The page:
23 January 2013

Gambia: The Situation of the Disabled

A 54 year old physically disabled woman called Aminata Joof from Ebo Town, in an interview with the Disability Column, said she was born as an able bodied person but acquired the physical disability as a result of a wrongly administered injection when she went to the hospital for treatment after an illness.

According to Aminata, everything was going quite well for her until after the demise of her father who was really supportive to her. "The death of my father had turned a new and difficult page in my life. It was after he died and leaving me with my poor mum that real hardship descended on us which turned me into a beggar on the streets," she said.

As a mother of four children and the sole bread winner of her young family, Aminata said she has no other option than to beg in the streets to be able to feed, clothe and house her children and to pay for their school fees and other needs. "I am also assuming the role of a father in certain instances because my husband is visually impaired (blind) and cannot do certain things," she added.

Aminata concluded by appealing for support from the government and other concerned organisations in the form of training to enable them acquire skills and to start income generating ventures or businesses of their own such as sewing/tailoring, operating grocery shops etc. She also called on the members of the public to be considerate and caring to people with disabilities.

Another physically challenged woman called Mariama Touray, who is a resident of Churchill Town, said she has completed her education at Nusrat Senior Secondary School with good grades. She too said that she was not born with the condition but acquired it in her childhood after a wrongful administering of an injection at the hospital. She explained that her mum only came to discover that she could not walk after they arrived home from the hospital. She said her mum took her to many places but she could not be cured to start walking again and was eventually confined to a wheelchair.

According to Mariama, she has gone to many places looking for a job but without success. She said it was through a friend of hers who had helped her to secure the work of an agent selling "Nopal" transfer to mobile phone customers.

"I am doing this in order to be able to support myself and my poor mum. Although the income I earn from these sales is not much, I can however take care of some of my needs," she said.

Mariama said her ambition for the future is not to remain as a vendor of "Nopal" transfer but to become a fully trained professional like others who have completed their education at the tertiary level.

She called on the government to consider the situation of the people like her and to provide them with the opportunities to develop their latent talents and become very productive members of society.

Awa Kujabi is a visually impaired woman in her mid fifties who has been begging all her life. She said she has three children and one of whom is going to Bakoteh Lower Basic School, adding that the other two, a girl and a boy, are at home and are the ones who accompany her when she moves around begging. She said the kids should have been in school but that they are at home because of the lack of money.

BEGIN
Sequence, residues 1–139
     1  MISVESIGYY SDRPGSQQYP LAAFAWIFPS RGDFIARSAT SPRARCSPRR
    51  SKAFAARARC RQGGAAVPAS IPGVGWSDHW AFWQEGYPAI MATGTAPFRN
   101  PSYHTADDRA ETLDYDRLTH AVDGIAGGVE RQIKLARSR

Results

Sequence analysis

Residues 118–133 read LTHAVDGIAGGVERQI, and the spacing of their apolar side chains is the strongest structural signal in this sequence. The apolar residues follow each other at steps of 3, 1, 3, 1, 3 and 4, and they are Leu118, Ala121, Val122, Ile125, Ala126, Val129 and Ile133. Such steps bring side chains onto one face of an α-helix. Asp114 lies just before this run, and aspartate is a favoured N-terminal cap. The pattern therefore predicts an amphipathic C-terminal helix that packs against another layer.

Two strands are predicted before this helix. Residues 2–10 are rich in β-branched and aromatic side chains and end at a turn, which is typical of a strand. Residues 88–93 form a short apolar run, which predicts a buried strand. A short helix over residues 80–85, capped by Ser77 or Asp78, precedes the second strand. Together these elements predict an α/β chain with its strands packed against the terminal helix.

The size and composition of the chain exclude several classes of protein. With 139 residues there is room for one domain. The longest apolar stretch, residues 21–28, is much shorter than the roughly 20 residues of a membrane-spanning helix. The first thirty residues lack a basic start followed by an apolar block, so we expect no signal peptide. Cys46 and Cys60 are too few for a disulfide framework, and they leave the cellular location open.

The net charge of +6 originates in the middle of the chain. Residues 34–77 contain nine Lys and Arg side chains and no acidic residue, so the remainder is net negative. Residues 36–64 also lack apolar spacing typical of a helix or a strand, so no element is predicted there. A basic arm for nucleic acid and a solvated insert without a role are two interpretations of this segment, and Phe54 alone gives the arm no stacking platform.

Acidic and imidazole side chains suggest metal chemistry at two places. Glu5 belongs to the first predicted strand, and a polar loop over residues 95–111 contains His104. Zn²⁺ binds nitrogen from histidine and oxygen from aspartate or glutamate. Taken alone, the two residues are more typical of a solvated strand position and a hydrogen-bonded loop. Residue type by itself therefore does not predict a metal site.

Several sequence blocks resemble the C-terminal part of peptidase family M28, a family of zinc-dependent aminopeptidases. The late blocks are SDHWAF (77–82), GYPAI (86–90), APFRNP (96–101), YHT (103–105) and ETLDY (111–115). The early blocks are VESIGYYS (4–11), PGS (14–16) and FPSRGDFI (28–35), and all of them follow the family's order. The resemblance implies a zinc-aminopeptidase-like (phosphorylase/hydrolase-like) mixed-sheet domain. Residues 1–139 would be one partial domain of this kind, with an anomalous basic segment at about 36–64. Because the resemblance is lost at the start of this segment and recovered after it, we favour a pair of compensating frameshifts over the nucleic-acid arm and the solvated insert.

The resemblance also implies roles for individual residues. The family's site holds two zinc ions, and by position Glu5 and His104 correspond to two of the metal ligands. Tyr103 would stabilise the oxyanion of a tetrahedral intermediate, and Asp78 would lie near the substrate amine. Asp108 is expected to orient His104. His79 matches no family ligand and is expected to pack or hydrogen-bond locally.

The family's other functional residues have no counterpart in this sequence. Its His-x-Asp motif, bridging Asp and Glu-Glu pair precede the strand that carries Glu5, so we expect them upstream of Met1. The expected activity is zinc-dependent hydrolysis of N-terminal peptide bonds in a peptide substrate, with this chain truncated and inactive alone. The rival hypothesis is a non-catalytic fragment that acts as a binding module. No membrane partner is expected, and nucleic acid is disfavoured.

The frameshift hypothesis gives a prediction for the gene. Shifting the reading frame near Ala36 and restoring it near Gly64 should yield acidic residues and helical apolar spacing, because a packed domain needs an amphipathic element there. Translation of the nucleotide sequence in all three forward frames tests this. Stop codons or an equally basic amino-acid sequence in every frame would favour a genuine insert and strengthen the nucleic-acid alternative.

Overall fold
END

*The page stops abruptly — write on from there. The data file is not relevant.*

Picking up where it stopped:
"I use the little money I get from begging to feed my children and also pay for the school fees of the eldest child," said Awa.

She appeals to the public to understand that they are begging because they do not have jobs to do earn an income for the livelihood of their families. "If jobs are even scarce for the students who have graduated from school to be able to earn and support their parents, how do expect people like us who have no skills get jobs?" she asked.

Awa said both her and husband, who is also visually impaired, depend entirely on daily begging in the streets of Serekunda to be able to pay for their house rent, school fees, provide fish money, and attend to other basic and essential needs in the household.

She concluded that they really need support from everybody including the government.

Bubacarr Badjie, a disabled person residing in Wellingara in the Kombo North District of Western Region, said he is begging because he has no work to support himself and his family. He said begging is not his wish but that he has no other alternative as he has to take care of his six children and five whom are going to school. He said it is the money he gets from begging that pays his children's school fees and their daily survival needs.

He said other than God their no one who gives him support and that life is very hard and painful for him. "If I don't beg people in the streets my family will not eat," he lamented.

He said for him life has always been difficult because both his father and mother died when he was very young and that since then until today as a family he has been depending on alms for his livelihood and that of his children.

He said he is calling on the government to provide them with something that they can do to provide for themselves in the form of meaningful and dignified engagement rather begging. He also appeals to other philanthropic organisations to undertake programmes that support the disabled to become economically active and productive. He lamented that the only welfare support that some of them benefit from comes from individuals and organizations that are from abroad. He said children of the disabled do get scholarships from European individuals or families who were here before on holidays.

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